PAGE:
Platt Perspective on Business and Technology

Wikipedia, wikis and social media marketing – 7

Posted in book recommendations, social networking and business, Web 2.0 marketing by Timothy Platt on March 30, 2011

This is my seventh posting in a series on wikis in business and as business resources (see Web 2.0 Marketing, postings 40 and 42 through 46 for installments 1-6) and I begin it by repeating a statement I made towards the end of Part 6 as a starting point.

• “If your organization faces delays and inefficiencies that seem to come from institutional inertia, as many and perhaps most larger organizations do with time, that strongly suggests a more robust internal information infrastructure would help.”

My goal in this posting is to explore more explicitly a set of issues that I have touched on many times, (see Business Strategy and Operations) but that I have not really looked into with specific focus.

With time, many if not most organizations develop complex systems of internal access and communications, matching lines of authority and patterns of turf ownership. Historical precedent and the momentum of accumulated unexamined assumptions contribute to this and internal walls build up. Organizations become sclerotic and hidebound, and unable to even recognize let alone act upon new and emerging opportunity. So when new and less encumbered businesses start up and challenge them, and both for new and emerging market opportunities, and with time for their own established markets they are less and less able to effectively respond.

This does not have to happen but the history of business is replete with case studies of businesses that achieved greatness to see that slip away, and from the continued following of precedent and process that was no longer relevant or value-adding, and from the blocking and limiting action of their internal silo walls.

There are some excellent works that explicitly deal with this and I cite by way of example:

• Collins, Jim. (2009) How the Mighty Fall (and why some companies never give up). HarperCollins.

But to me it is much more telling how many businesses highlighted in the success story oriented accounts such as:

• Collins, J. (2001) Good to Great. Harper Business.

or its counterpart in success continuity,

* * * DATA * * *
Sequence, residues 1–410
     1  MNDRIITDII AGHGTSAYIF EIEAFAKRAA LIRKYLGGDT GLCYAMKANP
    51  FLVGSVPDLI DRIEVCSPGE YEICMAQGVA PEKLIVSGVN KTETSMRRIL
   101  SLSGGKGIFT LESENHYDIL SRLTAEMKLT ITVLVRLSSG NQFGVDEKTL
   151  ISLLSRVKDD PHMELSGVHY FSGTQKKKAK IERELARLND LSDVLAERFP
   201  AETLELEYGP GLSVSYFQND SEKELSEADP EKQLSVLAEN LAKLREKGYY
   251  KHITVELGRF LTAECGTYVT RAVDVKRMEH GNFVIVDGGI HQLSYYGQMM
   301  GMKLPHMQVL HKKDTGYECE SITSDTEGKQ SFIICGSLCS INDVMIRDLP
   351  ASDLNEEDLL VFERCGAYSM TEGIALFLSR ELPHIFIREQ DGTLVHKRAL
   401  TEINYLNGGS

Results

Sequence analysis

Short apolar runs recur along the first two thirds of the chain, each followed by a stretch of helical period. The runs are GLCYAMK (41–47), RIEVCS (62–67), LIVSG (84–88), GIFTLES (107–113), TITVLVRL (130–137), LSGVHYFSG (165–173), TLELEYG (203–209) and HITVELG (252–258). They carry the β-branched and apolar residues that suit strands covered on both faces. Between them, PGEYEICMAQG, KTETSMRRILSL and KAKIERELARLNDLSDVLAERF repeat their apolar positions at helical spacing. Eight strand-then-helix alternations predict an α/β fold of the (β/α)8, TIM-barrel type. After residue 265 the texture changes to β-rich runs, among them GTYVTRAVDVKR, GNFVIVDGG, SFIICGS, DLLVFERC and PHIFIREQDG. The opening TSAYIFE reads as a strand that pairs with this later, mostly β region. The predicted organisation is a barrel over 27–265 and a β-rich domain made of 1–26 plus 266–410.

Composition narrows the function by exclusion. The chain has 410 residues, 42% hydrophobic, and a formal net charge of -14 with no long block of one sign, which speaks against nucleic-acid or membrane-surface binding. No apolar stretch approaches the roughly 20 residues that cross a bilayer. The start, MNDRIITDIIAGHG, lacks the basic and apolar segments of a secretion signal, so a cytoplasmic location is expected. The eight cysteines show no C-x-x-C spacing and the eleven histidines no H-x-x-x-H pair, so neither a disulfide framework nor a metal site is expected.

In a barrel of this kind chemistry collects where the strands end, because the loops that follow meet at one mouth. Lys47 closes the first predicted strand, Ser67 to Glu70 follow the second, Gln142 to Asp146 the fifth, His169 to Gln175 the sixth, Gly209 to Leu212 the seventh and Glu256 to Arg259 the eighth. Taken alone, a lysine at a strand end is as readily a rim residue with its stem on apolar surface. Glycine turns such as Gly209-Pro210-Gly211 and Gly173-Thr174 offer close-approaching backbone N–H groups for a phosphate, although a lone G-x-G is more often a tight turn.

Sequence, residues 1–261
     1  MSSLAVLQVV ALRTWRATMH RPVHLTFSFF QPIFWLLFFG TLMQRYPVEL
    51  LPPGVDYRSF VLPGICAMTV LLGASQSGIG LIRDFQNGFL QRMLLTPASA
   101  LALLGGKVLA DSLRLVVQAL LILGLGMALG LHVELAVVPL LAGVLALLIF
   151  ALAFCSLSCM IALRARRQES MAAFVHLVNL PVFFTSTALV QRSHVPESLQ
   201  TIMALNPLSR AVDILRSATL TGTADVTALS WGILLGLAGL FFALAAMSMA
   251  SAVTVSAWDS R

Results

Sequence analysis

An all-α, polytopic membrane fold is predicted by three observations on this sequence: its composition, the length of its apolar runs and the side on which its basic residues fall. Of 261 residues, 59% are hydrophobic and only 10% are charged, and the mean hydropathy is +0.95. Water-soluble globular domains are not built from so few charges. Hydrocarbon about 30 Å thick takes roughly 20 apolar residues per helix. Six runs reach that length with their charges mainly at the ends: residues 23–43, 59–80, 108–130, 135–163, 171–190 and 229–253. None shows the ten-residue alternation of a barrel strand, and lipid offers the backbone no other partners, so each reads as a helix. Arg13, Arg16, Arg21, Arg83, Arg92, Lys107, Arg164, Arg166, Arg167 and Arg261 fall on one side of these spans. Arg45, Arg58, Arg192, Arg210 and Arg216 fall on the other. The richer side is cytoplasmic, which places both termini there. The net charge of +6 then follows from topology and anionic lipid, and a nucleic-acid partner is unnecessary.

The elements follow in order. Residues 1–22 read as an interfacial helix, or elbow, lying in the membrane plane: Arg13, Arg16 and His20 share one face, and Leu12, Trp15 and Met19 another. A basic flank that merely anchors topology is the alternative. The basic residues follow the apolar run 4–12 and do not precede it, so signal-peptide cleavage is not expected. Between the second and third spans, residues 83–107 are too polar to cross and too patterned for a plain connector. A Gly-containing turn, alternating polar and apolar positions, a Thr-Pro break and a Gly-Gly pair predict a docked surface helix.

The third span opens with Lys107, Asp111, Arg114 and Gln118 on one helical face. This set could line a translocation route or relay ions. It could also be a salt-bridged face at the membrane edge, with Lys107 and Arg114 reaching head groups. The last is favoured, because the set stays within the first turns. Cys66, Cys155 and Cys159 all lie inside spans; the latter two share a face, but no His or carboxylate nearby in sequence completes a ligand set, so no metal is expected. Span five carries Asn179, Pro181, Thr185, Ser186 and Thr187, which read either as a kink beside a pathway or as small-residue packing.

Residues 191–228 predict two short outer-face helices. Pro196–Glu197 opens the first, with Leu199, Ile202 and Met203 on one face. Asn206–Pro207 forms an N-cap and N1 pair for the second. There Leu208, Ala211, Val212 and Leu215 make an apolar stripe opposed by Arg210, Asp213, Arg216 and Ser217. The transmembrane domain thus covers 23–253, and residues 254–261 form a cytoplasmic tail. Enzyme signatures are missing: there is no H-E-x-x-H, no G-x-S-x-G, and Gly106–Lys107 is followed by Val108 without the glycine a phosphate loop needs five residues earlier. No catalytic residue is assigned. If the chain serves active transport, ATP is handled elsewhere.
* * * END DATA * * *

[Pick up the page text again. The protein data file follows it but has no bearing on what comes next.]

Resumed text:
• Collins, J. and Porras, J.I. (2002) Built to Last. Collins Business Essentials.

cite businesses that then go on to markedly decline. I would propose what I see as an emerging reason for this to happen that I expect to become more and more important and across marketplaces and industries.

Effective internal information infrastructures cannot exist, let alone provide value or support effective return on investment:

• When silo walls and internal barriers predominate and
• When information and knowledge sharing are institutionally thwarted and discouraged.

With that, any serious effort to build an effective internal information infrastructure would shed light on barriers and inefficiencies and challenge them in ways that would reduce them and their impact. Most businesses start this process to the extent they do with a more traditional web-based channel – an intranet and probably a web 1.0 oriented central publishing model intranet. I raise this in the context of wikis as components to the internally oriented information infrastructure precisely because they are a more challenging and far-reaching approach that would essentially never be developed as a first step. But developing and offering a wiki as part of the basic information infrastructure is a step that might very well be taken by a business or organization that has actively set out on a path to maintaining, and if necessary rediscovering its flexibility and competitiveness.

Collaborative and far reaching internal information infrastructures with interactive intranets and a range of other tools and resources can become a source of unique value propositions and of sustaining and long term success. This is particularly true where resources that may be out of the ordinary such as wikis are added in, creating new and even novel information and resource sharing capabilities that the competition cannot match.

In this, do not look at your current practices and processes or your current organizational goals to see what information creation and sharing tools to develop and promote in your business. Look farther out to what you can build and develop your business into for that, and then see what makes sense to include and build into.

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